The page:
who overthrew its cities
and would not let his captives go home?”
However, the tradition of Diabology has always ignored this and so the figure of Lucifer has continued on in literature – from Paradise Lost to Cain by Byron – and as Steve Brust's marvelous To Reign in Hell suggests, will continue so long as Christianity exists.
Having suggested that now is a good time to ride such a current, let me introduce the antidote: you need to work Venus. Love, compassion, empathy: these are the counter-balances to being an exiled badass filled with Rage Toward the Unjust:
“Farewel happy Fields- Milton, Paradise Lost: Book 1:249-263
Where Joy for ever dwells: Hail horrours, hail
Infernal world, and thou profoundest Hell
Receive thy new Possessor: One who brings
A mind not to be chang'd by Place or Time.
The mind is its own place, and in it self
Can make a Heav'n of Hell, a Hell of Heav'n.
What matter where, if I be still the same,
And what I should be, all but less then he
Whom Thunder hath made greater? Here at least
We shall be free; th' Almighty hath not built
Here for his envy, will not drive us hence:
Here we may reign secure, and in my choyce
To reign is worth ambition though in Hell:
Better to reign in Hell, then serve in Heav'n.”
Incidentally, this is exactly what Byron suggests to a degree in Cain when Lucifer and the Lord duke it out in the heart and mind of Cain. Lucifer's desire for individuation, and separation from God is completely sympathized with in Byron's work, however the underlying warning is that love is absolutely necessary to counter-balance the extreme force of this distancing of one's self from the world around one. In Paradise Lost, the hero of Satan is transformed into his monstrousness by the end of the play by his continued assault on the Almighty, even after coming to realize that he can't win the war. Rather than seeking peace in exile and searching for the answers, he instead pursues the course of pure onslaught; and knowingly drags man down with him.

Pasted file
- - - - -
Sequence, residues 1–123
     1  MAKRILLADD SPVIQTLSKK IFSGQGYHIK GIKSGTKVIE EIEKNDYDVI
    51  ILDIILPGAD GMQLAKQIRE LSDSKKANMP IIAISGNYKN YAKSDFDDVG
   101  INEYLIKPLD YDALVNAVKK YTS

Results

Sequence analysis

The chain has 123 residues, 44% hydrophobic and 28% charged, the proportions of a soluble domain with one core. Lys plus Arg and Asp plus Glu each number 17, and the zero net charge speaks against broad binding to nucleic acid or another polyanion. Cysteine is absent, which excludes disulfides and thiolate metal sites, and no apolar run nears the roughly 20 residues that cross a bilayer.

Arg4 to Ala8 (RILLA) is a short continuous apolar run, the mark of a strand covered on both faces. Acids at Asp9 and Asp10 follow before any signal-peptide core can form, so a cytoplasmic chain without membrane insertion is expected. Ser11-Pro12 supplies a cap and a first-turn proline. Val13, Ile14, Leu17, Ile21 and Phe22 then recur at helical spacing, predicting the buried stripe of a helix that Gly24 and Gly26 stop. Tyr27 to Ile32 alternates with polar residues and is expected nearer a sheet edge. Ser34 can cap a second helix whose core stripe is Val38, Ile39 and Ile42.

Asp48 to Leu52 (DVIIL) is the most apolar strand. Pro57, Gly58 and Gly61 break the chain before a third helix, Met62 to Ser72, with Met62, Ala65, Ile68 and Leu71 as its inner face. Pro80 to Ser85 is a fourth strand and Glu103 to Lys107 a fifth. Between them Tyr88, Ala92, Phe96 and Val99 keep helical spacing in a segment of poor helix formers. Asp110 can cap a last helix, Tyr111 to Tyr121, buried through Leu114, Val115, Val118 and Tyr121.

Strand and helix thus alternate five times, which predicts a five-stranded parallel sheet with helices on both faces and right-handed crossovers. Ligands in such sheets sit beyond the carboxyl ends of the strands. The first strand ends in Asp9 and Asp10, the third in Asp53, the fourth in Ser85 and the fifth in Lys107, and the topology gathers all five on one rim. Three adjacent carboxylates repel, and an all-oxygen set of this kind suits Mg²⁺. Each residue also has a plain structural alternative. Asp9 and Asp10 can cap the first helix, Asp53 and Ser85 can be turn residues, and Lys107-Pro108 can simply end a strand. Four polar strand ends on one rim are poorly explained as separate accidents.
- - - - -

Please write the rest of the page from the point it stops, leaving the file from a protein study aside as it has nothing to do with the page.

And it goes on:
That's Milton's take, and ironically enough – though he misinterpreted the motives of Milton in treating Lucifer/Satan heroically (we're meant to identify with Lucifer for a reason) – Byron tends to agree with this assessment. Cain's error is in listening only to Lucifer, rather than reconciling the two deviated points of view within himself.
As such my suggestion – having hunted for the answer for many years and enjoyed life much more after finding it – is to work with compassion as well as the other side of the coin.
There is no need for the current of individuation – even rejection – and that of compassion or union with the divine to be seen as opposites. They work in conjunction with each other; things rejected, things embrace, things reconciled.
Oh. If you can't tell, it's also a good time to be a bit Dionysian. Lessen the strain during your “infernal war,” take a few days off, make some love and don't try to blast any Magickal Orders out of existence.
On his way out of town shortly.